I haven’t followed all the mom-controversies lately. I think I’ve been too busy just being a mom. Why are American moms less than perfectly happy? They’re too easy-going! No, they’re not easy-going enough! Attachment parent! Cry it out! Be French! Be Chinese! Be something different! All these exhortations are starting to seem a little ridiculous to me. There aren’t a plethora of cover-stories asking, “Why aren’t American dentists perfectly happy?” or “What’s wrong with American redheads, that they can’t all consistently agree on one hair-care regimen, and their hair is not as perfectly perfect as it can be…” No one can have it all, perfectly. Why are moms expected to?
Sure, we need better parental leave policies, health-care for all children, and access to quality education for all from ages 2 through 20. I could get behind those articles, but that’s not news. Instead, there’s a lot of articles about what moms are supposedly doing wrong.
There’s all these false dichotomies in the mom-hysteria: attachment parenting versus sleep training, helicopter versus free-range… when everyone I know falls somewhere in the middle, and most of what parenting seems to call for is tolerance, moderation, and forgiveness.
So I haven’t followed all the latest controversies, but, still, Elizabeth Kolbert’s recent article in The New Yorker struck a chord. Kolbert describes an anthropologist who observed a respectful, independently helpful 6-year-old in a Peruvian tribe of subsistence farmers, and couldn’t help comparing this girl to the petulant, entitled, and overly-dependent 6-year-olds in Los Angeles who couldn’t even tie their own shoes without throwing a fit of rudeness. This resonated with me, because lately Sophie is at an age when I’m trying to teach her to pick up her own trash, ask politely, put your shoes on the shoe-rack, take some responsibility for your own self.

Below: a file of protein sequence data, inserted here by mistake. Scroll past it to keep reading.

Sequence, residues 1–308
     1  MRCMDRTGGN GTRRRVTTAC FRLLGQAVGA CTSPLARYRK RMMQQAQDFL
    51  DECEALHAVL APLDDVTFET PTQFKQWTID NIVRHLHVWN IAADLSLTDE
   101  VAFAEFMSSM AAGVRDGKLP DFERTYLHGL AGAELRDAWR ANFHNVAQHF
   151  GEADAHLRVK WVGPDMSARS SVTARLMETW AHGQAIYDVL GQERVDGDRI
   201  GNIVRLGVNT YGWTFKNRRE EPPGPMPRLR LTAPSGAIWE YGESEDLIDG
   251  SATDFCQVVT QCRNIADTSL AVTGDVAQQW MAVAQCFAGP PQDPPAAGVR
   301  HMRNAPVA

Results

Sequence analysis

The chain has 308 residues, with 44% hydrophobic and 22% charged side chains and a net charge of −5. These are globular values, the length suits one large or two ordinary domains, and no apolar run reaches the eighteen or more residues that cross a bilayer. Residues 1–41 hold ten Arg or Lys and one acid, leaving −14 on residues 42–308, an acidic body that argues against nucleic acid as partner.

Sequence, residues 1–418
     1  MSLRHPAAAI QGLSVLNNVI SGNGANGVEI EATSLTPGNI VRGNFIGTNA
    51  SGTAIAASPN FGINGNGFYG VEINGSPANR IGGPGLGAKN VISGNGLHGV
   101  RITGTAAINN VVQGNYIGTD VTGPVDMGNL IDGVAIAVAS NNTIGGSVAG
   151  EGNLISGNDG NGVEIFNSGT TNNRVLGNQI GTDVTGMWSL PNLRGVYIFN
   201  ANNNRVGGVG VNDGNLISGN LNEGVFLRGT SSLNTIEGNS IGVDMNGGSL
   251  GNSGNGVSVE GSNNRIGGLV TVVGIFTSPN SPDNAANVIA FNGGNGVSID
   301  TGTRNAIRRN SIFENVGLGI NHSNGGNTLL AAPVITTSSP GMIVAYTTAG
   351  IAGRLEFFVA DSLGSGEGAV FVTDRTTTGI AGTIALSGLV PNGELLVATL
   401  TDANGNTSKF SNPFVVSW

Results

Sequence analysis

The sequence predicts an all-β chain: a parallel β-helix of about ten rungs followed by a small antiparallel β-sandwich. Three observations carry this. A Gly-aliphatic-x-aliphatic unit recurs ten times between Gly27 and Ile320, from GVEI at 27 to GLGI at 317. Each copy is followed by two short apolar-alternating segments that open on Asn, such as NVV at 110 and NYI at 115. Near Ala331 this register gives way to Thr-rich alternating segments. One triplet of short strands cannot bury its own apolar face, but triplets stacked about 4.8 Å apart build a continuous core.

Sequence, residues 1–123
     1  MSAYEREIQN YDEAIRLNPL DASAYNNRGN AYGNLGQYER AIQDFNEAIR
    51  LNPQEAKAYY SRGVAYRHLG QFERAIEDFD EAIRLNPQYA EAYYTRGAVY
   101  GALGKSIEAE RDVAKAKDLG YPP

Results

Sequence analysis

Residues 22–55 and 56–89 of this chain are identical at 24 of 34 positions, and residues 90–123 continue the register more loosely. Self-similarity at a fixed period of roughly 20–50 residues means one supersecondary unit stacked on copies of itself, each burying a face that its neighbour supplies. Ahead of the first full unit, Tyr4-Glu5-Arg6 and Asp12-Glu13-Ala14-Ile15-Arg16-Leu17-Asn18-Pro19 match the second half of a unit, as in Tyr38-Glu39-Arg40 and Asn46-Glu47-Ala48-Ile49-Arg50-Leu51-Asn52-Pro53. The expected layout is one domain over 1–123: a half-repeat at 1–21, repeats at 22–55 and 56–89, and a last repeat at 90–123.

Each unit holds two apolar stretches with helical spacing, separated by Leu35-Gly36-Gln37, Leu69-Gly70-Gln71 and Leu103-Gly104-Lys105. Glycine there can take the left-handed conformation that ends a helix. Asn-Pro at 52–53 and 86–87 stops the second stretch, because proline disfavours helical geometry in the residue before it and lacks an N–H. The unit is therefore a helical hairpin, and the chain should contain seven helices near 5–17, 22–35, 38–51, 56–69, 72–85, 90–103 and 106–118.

Teaching this is hard work. I think it always has been. Sometimes, truth be told, I’m still trying to teach it to my husband, too.
It would be handy to live in a Peruvian tribe, but without that, here’s what it looks like in our house:
“Why can’t you put your laundry in the laundry hamper?” I asked Sophie the other day, when she was trying to relax in her pre-bedtime bath. “I spend every evening picking up dirty clothes you have strewn about the house.” I shook some of her dirty clothes at her, I’m embarrassed to admit. Petulantly, I repeated, “Put it in the hamper! Put it in the hamper! Can you please try to remember to put your clothes in the laundry hamper?”
Calmly, Sophie looked at me, and said, “Mom, I don’t even know what a hamper is.”
And I had to laugh, breaking out of my hectoring mood.
Of course she doesn’t know what a hamper is. When does anyone ever say that word in regular conversation? I should know better than to give my kid a lecture in vocabulary that’s over her head.
After I finished laughing, I told her — more calmly — that I meant “laundry basket.” I reviewed where they are in the house. And I resolved to try to be better aware, the moment she drops her clothes on the ground, so that I can intervene and attempt to instill better habits. She’s now using the hamper about half the time. It’s a battle I have chosen to fight. But it isn’t simple. I don’t think it’s simple in that Peruvian tribe, either.
All we can do is try to set our own family traditions, try to teach our kids good habits — and also make sure our kids have the confidence to tell us when we’re not making any sense. “Mom, I don’t even know what a hamper is” may sound like rudeness to some. It wouldn’t have been allowed in a different generation here, or in many other countries where families are more strict. But if Sophie weren’t allowed to say it, she would still be wondering what it was that I was going on and on about while she was in her bath.
Moderation: that might not sell as many magazines as some alarmist article about the latest supposed mom-war. But it’s what we need. Moderation, and the structural, political changes necessary to give us all a lot more support. That’s all.